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Questionnaire: Is Your Spouse Really the Problem?

By: Lorna Elliott LLB (hons), Barrister - Updated: 7 Dec 2018 |
Questionnaire: Is Your Spouse Really The Problem?

All too often we take out our frustrations on the people closest to us, and the ones we really trust. Internalizing problems can mean that your spouse, partner or other family members – who don’t deserve it – bear the brunt of our problems. However you may find it difficult to pinpoint the reason for your marital problems, which could simply be manifesting as a general feeling of unhappiness or resentment. The following questionnaire is intended to help you try to pinpoint where things have gone wrong for you and whether the source of your problems is within your marriage, or is as a result of external factors.

When you and your spouse argue, what are you arguing about?

Is it something that can be attributed to one person’s actions (an affair, spending too little time at home, a lack of money, loss of a job, etc) or is it that you are arguing about ‘mundane things?’ If there is a specific problem, this needs to be openly and honestly discussed. Both spouses should express how they feel with a view to trying to resolve it. If there is a more general sense of discontentment between you:

If there is something that has upset you...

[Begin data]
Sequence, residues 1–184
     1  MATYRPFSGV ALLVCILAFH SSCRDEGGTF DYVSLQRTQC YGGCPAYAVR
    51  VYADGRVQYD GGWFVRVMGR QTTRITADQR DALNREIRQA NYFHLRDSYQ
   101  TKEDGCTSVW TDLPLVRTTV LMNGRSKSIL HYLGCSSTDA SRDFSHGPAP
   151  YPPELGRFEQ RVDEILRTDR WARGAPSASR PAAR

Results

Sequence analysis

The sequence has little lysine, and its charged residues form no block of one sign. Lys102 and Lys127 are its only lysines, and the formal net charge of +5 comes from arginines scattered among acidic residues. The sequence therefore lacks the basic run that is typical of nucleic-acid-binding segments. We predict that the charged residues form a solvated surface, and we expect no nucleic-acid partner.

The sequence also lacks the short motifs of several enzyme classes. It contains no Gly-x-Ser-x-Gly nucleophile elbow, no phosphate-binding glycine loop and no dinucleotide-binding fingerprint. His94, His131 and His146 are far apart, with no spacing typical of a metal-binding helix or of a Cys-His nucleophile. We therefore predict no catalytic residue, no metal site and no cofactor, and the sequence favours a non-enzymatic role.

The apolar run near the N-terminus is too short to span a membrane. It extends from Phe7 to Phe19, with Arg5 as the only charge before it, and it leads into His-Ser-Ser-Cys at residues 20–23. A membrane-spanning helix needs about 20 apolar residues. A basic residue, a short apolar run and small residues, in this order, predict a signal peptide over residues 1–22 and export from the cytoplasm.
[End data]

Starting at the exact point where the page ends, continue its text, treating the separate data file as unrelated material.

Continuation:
or is worrying you, have you told your spouse how you feel?

Often, sharing your worries, concerns and insecurities will give you a sense of relief. However, it may be that you aren’t sure what it is that is making you feel unhappy. In this case:

How do you feel about yourself at the moment?

If you find it hard to answer this question, what would you like to change about yourself, if anything? This is an important topic because often if you are unhappy with yourself you can reflect this in your treatment of your spouse.

If your marriage is the problem, when did this start?

If you are unhappy in your marriage and are considering divorce, what has changed? You didn’t walk down the aisle feeling this way. Think back to the last time that you were happy in your marriage, and consider what has changed since then. Have there been external factors that have hurt you or your spouse (to do with work, money, children, other family members or something else?) List the things that have happened since that time. What could you have done differently, if anything?

This exercise is designed to help you come to terms with your feelings and pinpoint the issues you are experiencing. It may help if you write down all that you feel you want to say, put that document away and then revisit it in a couple of days’ time. This could help you decide what the main issues are so that you are in a better position to talk to your spouse, rather than throwing a lot of issues at them.

Having Difficult Conversations

Once you have ascertained what the issues are that you want to resolve, begin the discussion in a non-confrontational way. This means not starting the conversation with an accusation, criticism or sarcastic comment, but rather approaching it with an open-minded, and calm, tone of voice and manner.

Take responsibility for your own feelings and actions, be prepared to compromise, and keep tabs on your own emotions – if you feel that you are losing your temper, leave the room and return to the conversation later on.

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